This legislative session has revealed the importance of keeping a tight control over government spending in good times, so that bad times aren’t nearly so rough. But with just days left in Texas’ legislative session, hopes are dimming for such reform unless lawmakers listen to their constituents.
Tightening the state’s constitutional spending limit — either through a constitutional amendment or a statutory reform — has been at the forefront of the taxpayers’ agenda for nearly a decade.
Believe it or not, the state does have a spending limit in place. But the current “limit” has been ineffective, as has been demonstrated by the Texas Public Policy Foundation and the Texas Conservative Coalition Research Institute. From 1990 to today, state spending has risen 300 percent, while the combined rate of population growth plus inflation have increased by only 115 percent.
The Texas Republican Party has had ballot questions about spending limits, and each time voters respond overwhelmingly. In the 2010 GOP Primary, it received more than 90% of the vote!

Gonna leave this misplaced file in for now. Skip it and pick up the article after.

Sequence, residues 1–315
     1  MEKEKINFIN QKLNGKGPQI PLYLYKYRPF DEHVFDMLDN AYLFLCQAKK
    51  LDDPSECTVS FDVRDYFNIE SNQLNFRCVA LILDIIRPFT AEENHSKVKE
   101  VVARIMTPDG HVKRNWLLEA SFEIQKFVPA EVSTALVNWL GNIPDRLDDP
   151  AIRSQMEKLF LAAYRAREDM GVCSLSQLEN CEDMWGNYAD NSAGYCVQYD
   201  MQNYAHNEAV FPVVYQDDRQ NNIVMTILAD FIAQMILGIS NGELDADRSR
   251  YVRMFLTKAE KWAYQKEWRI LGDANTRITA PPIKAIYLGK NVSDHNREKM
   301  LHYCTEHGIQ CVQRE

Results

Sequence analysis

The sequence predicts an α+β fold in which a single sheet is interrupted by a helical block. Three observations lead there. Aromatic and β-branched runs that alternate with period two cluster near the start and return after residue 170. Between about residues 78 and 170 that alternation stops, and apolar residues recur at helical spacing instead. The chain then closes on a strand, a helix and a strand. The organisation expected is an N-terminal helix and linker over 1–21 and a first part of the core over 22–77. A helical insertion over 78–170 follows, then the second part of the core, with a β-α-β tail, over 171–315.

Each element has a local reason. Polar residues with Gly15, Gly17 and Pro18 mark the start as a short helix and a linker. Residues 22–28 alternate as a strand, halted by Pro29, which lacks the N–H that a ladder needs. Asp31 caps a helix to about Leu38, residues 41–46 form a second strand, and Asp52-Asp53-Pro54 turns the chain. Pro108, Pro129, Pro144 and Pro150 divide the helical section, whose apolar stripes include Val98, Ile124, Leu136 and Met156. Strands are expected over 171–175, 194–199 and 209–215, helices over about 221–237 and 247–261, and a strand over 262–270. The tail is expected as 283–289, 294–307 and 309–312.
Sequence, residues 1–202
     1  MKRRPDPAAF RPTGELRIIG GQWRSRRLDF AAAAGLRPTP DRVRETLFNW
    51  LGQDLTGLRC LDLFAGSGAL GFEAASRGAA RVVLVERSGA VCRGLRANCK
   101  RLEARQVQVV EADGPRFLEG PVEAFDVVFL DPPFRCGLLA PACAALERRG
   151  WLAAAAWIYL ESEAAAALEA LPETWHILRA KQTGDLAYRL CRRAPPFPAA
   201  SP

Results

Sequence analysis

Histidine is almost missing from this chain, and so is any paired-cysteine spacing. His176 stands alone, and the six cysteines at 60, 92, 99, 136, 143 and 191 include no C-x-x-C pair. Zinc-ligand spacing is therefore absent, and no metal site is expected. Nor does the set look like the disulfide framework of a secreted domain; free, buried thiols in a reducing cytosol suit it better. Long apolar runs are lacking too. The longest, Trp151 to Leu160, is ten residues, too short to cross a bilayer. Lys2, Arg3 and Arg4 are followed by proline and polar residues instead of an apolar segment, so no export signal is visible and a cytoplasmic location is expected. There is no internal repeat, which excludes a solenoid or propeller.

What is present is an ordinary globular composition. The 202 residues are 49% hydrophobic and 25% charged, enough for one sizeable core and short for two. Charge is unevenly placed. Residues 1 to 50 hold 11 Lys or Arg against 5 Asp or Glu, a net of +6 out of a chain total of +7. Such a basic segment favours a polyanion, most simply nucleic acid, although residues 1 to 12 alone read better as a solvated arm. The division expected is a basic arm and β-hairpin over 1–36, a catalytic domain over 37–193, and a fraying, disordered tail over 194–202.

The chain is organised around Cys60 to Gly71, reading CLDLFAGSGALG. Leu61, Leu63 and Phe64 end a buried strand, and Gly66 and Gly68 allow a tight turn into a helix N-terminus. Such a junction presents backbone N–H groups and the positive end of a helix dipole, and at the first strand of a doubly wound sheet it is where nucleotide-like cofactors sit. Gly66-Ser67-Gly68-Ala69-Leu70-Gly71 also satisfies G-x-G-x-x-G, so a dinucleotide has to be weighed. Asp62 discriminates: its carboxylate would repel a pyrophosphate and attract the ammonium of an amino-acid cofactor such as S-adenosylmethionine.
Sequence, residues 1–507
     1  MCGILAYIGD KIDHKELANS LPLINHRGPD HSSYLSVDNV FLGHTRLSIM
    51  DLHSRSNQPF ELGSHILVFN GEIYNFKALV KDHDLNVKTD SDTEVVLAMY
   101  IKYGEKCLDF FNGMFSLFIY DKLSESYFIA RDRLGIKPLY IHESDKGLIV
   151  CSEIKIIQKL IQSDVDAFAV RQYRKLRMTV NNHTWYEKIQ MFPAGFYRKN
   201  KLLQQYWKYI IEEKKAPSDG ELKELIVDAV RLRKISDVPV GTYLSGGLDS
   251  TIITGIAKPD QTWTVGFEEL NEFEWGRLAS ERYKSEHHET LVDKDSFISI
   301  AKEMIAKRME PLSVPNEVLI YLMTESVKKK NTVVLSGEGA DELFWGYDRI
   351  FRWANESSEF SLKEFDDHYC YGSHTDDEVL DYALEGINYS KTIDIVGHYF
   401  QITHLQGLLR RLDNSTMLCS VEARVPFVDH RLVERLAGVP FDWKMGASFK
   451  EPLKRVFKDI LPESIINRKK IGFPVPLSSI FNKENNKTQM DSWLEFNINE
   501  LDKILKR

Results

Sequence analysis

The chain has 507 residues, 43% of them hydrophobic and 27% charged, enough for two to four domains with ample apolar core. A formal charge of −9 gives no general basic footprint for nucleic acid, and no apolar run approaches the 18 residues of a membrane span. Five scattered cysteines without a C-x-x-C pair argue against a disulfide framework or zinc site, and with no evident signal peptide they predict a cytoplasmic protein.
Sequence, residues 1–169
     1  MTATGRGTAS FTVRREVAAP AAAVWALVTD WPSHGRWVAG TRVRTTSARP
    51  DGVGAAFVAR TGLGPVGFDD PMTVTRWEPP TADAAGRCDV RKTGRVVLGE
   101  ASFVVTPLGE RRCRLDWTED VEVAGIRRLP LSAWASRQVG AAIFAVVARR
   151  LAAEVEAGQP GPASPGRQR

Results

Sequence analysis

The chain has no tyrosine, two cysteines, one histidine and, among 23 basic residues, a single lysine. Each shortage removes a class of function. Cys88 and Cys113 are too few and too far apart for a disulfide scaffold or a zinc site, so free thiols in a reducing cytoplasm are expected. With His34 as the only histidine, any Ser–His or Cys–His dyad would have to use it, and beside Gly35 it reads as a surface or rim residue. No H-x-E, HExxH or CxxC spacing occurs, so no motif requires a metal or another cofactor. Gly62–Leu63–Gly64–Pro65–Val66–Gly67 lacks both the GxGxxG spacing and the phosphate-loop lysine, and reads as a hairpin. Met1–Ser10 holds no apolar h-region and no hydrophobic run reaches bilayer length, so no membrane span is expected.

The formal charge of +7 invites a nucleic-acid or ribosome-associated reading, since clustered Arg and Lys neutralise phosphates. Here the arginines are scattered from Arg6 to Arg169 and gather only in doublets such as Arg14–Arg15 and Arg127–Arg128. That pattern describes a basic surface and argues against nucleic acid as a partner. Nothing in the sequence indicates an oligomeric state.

The measure is a plank in the 2010 GOP platform: “Fiscal Responsibility — We urge state and federal legislators to reduce spending. We also support a “cap” on government spending at all levels, with adjustments based only on inflation and population change.”
There are excellent bills to do just that by Reps. Kelly Hancock, Bill Callegari and Ken Paxton, and Sen. Dan Patrick.
So it’s perplexing why the GOP controlled legislature — including the super-majority in the House — hasn’t yet taken action on it.
Only last week, the House Appropriations Committee finally held perfunctory hearings on constitutional and statutory limits. Unfortunately, Chairman Pitts has hasn’t passed them out of the Committee he controls to move spending limits to the House floor.
We’ve learned that it seems the house leadership has no intention of moving spending limits to the House floor.
If this belt-tightening-session has taught us anything, it’s that slowing the rate of government growth is essential to sound fiscal policy. By limiting how much government can grow, we make sure state government always lives easily within the taxpayers’ means with an exception for the most dire of situations.
Legislators still have time this Session to take action on reforming spending limits — they just need to hear from you!